VB: Yet, you just likened your Bank Barn to an artwork, which means that at least on occasions your ideas come from outside of the immediate context because that’s what an artwork is – it travels from place to place and carries its own message. So, as an architect, I assume you bring something from within that no one else can see or expect, something beyond what can be found on site.
BM: Of course, architecture can be about the person and the person’s own internal world; that’s true. But I am much more interested in expressing my ideas when they are relevant to a particular opportunity. I am patiently waiting for the right opportunities. My inspirations are not specific. For example, I spent a lot of time in Marfa, Texas where I explored the work of Donald Judd. But if I start telling you my experience there it will be completely foreign from what he meant. What I like is my understanding of what he did.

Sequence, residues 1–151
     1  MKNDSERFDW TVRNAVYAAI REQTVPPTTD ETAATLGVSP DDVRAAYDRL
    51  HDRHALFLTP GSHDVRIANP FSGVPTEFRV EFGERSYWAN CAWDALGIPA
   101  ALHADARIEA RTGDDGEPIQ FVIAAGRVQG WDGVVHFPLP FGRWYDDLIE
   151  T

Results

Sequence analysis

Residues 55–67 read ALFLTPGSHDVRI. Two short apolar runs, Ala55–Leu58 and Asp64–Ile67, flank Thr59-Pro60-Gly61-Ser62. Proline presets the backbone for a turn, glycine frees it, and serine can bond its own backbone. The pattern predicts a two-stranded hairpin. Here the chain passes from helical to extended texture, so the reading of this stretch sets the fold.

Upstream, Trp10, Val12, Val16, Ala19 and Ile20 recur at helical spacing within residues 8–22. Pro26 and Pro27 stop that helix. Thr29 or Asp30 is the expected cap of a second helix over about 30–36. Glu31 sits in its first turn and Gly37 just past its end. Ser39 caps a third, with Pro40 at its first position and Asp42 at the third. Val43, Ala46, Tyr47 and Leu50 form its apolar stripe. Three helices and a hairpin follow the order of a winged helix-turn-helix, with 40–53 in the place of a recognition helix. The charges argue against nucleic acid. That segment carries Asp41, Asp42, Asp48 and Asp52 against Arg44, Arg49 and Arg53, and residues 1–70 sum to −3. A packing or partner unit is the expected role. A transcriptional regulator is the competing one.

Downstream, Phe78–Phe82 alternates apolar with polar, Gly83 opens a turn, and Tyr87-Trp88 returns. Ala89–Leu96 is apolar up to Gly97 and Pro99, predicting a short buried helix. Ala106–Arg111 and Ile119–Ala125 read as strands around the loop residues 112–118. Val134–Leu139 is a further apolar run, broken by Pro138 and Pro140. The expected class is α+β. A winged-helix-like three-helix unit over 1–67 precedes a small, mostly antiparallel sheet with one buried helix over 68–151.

Most importantly,I want my places to come alive. I want my clients to discover something new every time, just like when you look at the great work of art you discover something new every time you see it. I want to experience a dynamic emotion, differently every day – how it connects to nature, to light. I want my homes to inspire positive, invigorating experiences. When people enter my houses, I want them to feel the beauty of these places. They may not know why, but emotionally they would feel connected and joyous. Architects are in control of such feelings. Architects have control of creating such spaces. I love the idea that families are getting raised in houses I designed, families having a traditional Thanksgiving dinner. Things like that matters to me. I want people to be happy in my houses.
VB: When you discuss your work, you mention such words as craft, process, quietness. What other words would you use to describe your work or the kind of architecture that you try to achieve?
BM: Care.Love. Beauty. Essentiality. For me architecture should represent the essential and the emotional. I hate when architecture tries to be obscured. In my view it needs to be accessible, simple, self-evident. My ultimate goal is to create a building that’s alive, that’s dynamic. And I don’t mean that they appear to be moving. What I mean is that a building is responding to the site, the view, the weather; that’s how buildings become alive. It is not a static experience. When you live inside of a space that’s responding to the environment, it becomes a part of it. That’s my intention.